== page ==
Figures published by the Health and Safety Executive show an 11% drop in major injuries compared to 2011/12.

The provisional statistics published by the Health and Safety Executive (HSE) show that in Britain between April 2012 and March 2013:

Chair of HSE, Judith Hackitt said: “This year’s figures demonstrate that Britain continues to be improve its health and safety performance, with important falls in the number of workers fatally injured and the number of employees suffering major injuries. But we still see too many deaths and injuries occur in the work place - many of which could have been prevented through simple safety measures. Getting this right is the key to ensuring that everyone can make it home safely at the end of their working day.”

The report also indicated that there was little change in the industries in which workers are most likely to be injured by their jobs – with construction (156.0 major injuries per 100 000 employees) agriculture (239.4 major injuries per 100 000 employees) and waste and recycling (369.8 major injuries per 100 000 employees) among the higher risk sectors.

“We’re committed to helping employers understand that health and safety is about sensibly and proportionately managing risks and ensuring people understand the risks involved not creating unnecessary paperwork,” added Hackitt.

The British Safety Council welcomed the improvements in health and safety performance, but noted that much more needed to be done in order to achieve the British Safety Council’s vision that no one should be injured or made ill in Britain’s workplaces.

“While the number of people killed and seriously injured in Britain’s workplaces continues to fall year-on-year, we echo the comments of HSE’s chair, Judith Hackitt, that many of these deaths and serious injuries could have been prevented by simple safety measures,” said Alex Botha, chief executive of the British Safety Council.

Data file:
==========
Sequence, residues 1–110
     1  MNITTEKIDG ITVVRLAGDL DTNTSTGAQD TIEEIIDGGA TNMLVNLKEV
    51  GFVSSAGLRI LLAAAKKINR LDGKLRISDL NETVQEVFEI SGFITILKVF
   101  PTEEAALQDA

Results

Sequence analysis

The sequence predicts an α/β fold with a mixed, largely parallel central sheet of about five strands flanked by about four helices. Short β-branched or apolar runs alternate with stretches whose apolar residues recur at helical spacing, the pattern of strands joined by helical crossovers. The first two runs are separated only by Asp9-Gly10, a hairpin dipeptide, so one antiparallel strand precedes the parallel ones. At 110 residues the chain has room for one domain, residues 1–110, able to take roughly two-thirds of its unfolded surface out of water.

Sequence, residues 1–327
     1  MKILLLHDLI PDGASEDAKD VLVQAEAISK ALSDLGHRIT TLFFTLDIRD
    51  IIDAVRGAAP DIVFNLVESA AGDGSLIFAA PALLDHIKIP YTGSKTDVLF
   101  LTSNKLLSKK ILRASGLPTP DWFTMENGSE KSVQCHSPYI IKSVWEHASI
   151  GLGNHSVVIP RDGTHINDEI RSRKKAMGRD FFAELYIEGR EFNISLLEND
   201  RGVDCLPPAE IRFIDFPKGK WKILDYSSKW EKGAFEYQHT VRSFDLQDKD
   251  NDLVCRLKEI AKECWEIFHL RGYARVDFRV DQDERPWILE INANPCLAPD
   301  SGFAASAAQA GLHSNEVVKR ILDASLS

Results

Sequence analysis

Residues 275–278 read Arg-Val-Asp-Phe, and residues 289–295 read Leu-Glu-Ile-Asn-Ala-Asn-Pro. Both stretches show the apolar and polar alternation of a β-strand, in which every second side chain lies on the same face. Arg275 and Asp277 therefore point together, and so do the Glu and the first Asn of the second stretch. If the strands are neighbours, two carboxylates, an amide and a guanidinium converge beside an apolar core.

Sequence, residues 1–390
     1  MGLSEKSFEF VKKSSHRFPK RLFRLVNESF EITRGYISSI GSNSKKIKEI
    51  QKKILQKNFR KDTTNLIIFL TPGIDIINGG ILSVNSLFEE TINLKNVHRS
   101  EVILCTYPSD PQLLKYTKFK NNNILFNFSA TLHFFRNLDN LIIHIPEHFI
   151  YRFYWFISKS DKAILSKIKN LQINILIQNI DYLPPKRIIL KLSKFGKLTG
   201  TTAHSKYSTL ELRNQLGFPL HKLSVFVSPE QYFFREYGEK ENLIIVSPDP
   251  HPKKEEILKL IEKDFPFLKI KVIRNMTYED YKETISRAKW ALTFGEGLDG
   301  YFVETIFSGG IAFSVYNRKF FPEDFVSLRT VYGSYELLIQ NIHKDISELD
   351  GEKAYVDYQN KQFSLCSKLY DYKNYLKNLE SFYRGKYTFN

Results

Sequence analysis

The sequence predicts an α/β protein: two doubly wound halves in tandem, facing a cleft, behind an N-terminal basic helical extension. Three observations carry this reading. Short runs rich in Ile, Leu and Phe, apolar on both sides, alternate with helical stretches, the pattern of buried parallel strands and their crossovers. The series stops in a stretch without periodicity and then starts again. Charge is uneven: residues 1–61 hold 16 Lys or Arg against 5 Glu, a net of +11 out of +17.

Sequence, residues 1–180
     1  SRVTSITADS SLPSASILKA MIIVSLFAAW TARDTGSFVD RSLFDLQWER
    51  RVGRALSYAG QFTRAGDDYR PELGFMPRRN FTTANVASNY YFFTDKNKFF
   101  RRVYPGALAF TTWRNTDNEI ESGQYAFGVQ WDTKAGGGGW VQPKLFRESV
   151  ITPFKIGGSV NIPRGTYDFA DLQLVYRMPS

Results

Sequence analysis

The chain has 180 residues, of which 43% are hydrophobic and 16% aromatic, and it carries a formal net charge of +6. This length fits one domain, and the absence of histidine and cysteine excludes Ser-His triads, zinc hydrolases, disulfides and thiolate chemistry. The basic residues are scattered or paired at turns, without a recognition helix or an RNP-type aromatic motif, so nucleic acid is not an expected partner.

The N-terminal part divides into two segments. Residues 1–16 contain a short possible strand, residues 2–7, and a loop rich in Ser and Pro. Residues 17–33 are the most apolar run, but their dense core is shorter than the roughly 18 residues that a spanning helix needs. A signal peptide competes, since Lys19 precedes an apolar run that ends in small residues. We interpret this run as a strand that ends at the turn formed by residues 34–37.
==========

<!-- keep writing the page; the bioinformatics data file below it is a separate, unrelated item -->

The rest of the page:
“While the number of deaths in British workplaces has halved over the last 20 years – 148 workers killed in 2012/13 compared to nearly 300 in 1993/94 – it remains a major concern that the agriculture, construction and waste re-cycling sectors together account for almost half of these unnecessary deaths.

The British Safety Council has also joined many of its member organisations operating in construction and pledged its support for the Public Health Responsibility Deal for the construction and civil engineering sectors to help address the blight of ill health at work and work-related disease.

“The British Safety Council and its member organisations firmly believe that our regulatory framework governing workplace health and safety is effective in helping to control the risk of injury and ill health in the workplace. But we all have a role to play in ensuring risks are properly controlled to prevent harm in the workplace,” said Botha. “Workplace injury and work-related ill-health have a damaging impact on individuals, business, government and wider society. By working together we can prevent unnecessary harm to thousands of people and help cut the cost to society – an estimated £13.8 billion a year."